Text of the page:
The Agricultural Marketing Service needs a system to help graders locate micro-cracks in table eggs that are missed with current grading techniques. We have developed a camera based 15-egg batch-process system that can detect micro-cracks. The system will help the graders to more accurately grade table eggs and reduce the number of checked/cracked eggs entering the market place. Since a crack in the egg shell is a potential avenue for pathogen entering the egg, removing these eggs should improve the safety of table eggs.
Bones in boneless poultry filets are still one of the largest food safety issues affecting the poultry industry. We have developed a method to detect clavical bones in breast filets with an imaging system and structured back lighting. The technique requires image to be taken of both sides of the filets and for the filet to be compress to a uniform thickness, which can be accomplished with a forming machine. (Bone detection falls generally under 1.2: Pathogen, Toxins, and chemical contaminants postharvest, and specifically under 1.2.2: [On-line] sensing systems that assist processing, and have application in food security in the 2006-2010 NP 108 Action Plan.)
5.Significant Activities that Support Special Target Populations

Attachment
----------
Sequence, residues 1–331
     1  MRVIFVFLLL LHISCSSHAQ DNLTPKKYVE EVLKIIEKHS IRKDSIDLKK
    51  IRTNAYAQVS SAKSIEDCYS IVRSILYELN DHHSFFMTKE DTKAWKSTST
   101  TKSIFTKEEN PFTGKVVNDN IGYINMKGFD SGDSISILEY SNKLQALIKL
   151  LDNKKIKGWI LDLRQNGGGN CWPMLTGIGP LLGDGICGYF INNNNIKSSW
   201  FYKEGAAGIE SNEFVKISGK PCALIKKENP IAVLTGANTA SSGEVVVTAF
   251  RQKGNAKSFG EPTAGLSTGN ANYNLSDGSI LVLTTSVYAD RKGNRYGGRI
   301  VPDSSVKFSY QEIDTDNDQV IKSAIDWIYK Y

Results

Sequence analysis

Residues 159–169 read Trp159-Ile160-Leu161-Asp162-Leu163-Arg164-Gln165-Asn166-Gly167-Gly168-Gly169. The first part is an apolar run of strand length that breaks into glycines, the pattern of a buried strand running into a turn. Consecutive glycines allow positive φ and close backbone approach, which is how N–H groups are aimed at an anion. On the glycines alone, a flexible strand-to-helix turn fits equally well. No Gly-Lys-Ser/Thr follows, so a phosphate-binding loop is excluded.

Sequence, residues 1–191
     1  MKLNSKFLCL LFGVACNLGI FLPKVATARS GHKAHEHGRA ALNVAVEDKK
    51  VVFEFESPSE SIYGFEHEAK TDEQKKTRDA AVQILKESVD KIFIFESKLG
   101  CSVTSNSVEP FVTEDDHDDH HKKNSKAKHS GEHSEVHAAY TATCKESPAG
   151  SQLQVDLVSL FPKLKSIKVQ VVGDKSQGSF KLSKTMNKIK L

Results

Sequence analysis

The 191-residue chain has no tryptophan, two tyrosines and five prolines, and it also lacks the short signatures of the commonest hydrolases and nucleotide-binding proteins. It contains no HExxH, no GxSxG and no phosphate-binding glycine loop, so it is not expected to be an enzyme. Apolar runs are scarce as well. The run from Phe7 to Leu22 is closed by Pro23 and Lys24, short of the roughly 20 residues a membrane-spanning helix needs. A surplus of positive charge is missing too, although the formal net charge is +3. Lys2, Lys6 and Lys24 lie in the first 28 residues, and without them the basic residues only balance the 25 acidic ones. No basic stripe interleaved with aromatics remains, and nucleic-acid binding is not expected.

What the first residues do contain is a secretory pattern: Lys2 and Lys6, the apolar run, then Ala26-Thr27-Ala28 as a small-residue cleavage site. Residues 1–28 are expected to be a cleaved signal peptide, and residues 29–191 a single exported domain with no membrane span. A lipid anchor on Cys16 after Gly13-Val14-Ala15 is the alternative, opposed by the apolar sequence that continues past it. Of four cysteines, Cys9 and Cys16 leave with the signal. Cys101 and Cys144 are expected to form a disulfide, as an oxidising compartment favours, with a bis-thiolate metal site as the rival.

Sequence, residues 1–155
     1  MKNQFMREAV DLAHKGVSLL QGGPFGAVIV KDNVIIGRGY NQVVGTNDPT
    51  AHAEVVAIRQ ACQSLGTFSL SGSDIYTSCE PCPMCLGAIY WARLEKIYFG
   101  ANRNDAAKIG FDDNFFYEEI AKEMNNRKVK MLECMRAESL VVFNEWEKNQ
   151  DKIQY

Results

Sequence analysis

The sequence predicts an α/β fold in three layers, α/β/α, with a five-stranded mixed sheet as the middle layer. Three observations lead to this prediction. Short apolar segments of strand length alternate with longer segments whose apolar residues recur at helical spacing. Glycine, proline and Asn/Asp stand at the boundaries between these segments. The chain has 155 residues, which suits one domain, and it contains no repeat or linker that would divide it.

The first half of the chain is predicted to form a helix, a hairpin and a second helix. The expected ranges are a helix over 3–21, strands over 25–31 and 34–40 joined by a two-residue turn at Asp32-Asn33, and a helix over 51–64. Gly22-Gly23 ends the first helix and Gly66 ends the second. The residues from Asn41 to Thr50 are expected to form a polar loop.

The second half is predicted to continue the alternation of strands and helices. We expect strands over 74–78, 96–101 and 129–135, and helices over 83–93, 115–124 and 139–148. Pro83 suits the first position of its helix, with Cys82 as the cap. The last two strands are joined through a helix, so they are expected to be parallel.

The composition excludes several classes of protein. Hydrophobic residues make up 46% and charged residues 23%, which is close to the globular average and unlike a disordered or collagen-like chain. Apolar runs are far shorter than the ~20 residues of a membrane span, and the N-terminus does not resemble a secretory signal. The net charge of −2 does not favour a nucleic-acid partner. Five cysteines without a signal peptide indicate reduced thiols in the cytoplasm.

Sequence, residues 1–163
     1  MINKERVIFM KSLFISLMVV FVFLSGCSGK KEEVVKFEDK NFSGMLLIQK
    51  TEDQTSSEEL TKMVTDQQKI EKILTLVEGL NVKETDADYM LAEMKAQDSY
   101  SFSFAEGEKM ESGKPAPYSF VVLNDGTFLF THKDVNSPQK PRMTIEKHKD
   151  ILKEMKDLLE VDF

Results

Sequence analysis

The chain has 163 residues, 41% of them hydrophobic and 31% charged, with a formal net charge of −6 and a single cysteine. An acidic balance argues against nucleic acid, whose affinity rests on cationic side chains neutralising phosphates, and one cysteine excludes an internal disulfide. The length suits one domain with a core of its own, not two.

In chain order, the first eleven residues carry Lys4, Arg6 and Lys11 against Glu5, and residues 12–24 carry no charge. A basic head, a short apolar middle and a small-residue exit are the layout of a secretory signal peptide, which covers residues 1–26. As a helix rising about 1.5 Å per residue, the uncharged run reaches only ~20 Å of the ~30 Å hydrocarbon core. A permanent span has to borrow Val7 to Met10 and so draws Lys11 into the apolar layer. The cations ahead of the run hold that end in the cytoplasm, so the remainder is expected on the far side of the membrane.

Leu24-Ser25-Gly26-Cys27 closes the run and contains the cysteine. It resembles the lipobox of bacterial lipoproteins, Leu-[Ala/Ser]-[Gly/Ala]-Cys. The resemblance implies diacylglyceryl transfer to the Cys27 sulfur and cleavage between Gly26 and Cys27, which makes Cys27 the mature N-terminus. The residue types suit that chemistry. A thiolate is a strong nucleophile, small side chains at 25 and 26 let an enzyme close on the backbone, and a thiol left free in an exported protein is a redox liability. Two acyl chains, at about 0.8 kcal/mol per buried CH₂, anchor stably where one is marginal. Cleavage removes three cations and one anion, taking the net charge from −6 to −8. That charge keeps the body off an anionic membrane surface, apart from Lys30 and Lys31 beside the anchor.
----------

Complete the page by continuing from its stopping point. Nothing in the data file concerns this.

|Number of active CRADAs and MTAs||2|
|Number of non-peer reviewed presentations and proceedings||28|
|Number of newspaper articles and other presentations for non-science audiences||1|
Lawrence, K.C., Smith, D.P., Windham, W.R., Heitschmidt, G.W., Park, B., Yoon, S.C. 2007. Egg embryo development detection with hyperspectral imaging. International Journal of Poultry Science. 5(10): 964-969
Smith, D.P., Northcutt, J.K., Cason Jr, J.A., Hinton Jr, A., Buhr, R.J., Ingram, K.D. 2007. Effect of External or Internal Fecal Contamination on Numbers of Bacteria on Pre-Chill Broiler Carcasses. Poultry Science. 86:1241-1244.
Yoon, S.C., Lawrence, K.C., Park, B., Windham, W.R. 2007. Optimization of fecal detection using hyperspectral imaging and kernel density estimation. Transactions of the ASABE. 50(3): 1063-1071
Northcutt, J.K., Cason Jr, J.A., Smith, D.P., Buhr, R.J., Fletcher, D.L. 2006. Broiler carcass bacterial counts after immersion chilling using either a low or high volume of water. Poultry Science. 85:1802-1806.
Hinton Jr, A., Northcutt, J.K., Smith, D.P., Musgrove, M.T., Ingram, K.D. 2006. Spoilage microflora of broiler carcasses washed with electrolyzed oxidizing water or chlorinated water using an inside-outside bird washer. Poultry Science. 86:123-127.
Smith, D.P., Cason Jr, J.A., Fletcher, D.L., Hannah, J.F. 2007. Evaluation of carcass scraping to enumerate bacteria on pre-chill broiler carcasses. Poultry Science. 86:1436-1439.